Saturday, April 19, 2014

So much food, so little time - Hong Kong

The biggest draw of Hong Kong for us was the food but we weren't sure we would have time to scout out all the great eats, since our schedule was so hectic.

But we did! We were very fortunate that the Festival folks put us up in a very conveniently located hotel. We stayed at Lan Kwai Fong Hotel @Kau U Fong which is in Central, Hong Kong (our accommodation was kindly sponsored by NAC). The room is not large but its location can't be beat - walking distance to two MTR stations and many famous eateries.  

We had free buffet breakfast at the hotel everyday, which suited us fine cos we were usually too nervous to eat a lot before our talks anyway. What I like about breakfasts at Hong Kong hotels is that they usually have a very decent local selection.

But dinner is when we head straight for our much-anticipated meals. The first evening after we were dropped back at our hotel, we dumped our bags and made a beeline for Yat Lok at Stanley Street - famous for its roast goose. This is a little shop with limited seating so at peak periods, you may need to sit elbow to elbow with other guests. But since we were there early (5.15pm), we had a table of 6 all to ourselves.

I don't speak Cantonese but my friend, Lilian taught me how to say "goose drumstick" (ngor bei) so I went in, confidently held out two fingers and said, "ngor bei fan!" And lo and behold, the majestic drumstick!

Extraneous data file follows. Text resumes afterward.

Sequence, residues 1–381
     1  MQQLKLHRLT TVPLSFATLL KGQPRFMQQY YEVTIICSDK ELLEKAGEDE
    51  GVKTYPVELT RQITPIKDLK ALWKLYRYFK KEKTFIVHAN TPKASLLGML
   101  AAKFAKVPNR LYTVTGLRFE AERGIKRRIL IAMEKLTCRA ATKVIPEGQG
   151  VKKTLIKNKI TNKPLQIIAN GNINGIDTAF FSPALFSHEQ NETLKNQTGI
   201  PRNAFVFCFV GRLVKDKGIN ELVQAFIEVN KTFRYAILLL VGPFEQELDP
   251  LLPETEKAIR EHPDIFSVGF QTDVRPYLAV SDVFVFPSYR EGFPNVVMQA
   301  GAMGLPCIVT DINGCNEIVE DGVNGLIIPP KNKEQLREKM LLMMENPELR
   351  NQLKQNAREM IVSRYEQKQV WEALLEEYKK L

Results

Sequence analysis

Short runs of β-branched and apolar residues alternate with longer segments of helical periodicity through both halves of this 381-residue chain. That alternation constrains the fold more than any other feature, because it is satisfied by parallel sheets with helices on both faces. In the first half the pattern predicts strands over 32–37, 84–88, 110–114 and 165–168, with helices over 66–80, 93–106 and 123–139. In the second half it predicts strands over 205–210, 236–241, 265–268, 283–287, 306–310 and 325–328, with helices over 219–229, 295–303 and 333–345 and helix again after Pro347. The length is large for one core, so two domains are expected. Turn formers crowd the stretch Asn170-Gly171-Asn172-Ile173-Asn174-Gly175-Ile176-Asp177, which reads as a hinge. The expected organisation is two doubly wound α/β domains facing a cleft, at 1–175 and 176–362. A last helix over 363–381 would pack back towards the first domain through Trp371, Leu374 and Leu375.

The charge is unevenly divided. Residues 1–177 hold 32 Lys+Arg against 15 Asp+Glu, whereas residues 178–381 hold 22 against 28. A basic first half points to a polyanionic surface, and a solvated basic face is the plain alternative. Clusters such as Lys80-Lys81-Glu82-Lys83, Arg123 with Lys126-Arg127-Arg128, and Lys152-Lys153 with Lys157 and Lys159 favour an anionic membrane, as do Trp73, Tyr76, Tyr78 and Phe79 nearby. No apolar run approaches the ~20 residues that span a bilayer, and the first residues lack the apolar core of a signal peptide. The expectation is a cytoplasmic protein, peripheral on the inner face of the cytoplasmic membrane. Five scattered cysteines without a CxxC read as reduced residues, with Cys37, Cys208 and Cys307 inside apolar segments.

That was some serious greasy goodness. The skin was crisp and the marinade extremely tasty. Lesley-Anne and I wolfed each of our portions down in under 10 minutes. I'm told that they run out of drumsticks pretty quickly so it's good to go early. The waitress said something to me in Cantonese but I gave her a blank look so she probably thought I was PRC. She was very nice though, and smiled at me. None of the hostility I was warned about. Another reason to go during off-peak periods when they're less hassled.

Each portion was HK$72 (about S$12). Not cheap but a must-try when you're in Hong Kong.

The second evening, we headed to the other famous joint near our hotel - Mak's Noodle on Wellington Street. How famous is this place? Well, they've got Anthony Bourdain's face and review plastered all over their tables.

Again, this is a small shop but we were there at about 6pm and it wasn't too crowded. This place is known for their wanton noodles and we could see why. Each bowl has four wantons bursting with plump and flavourful prawns. The noodles were super duper fine and the soup stock very tasty.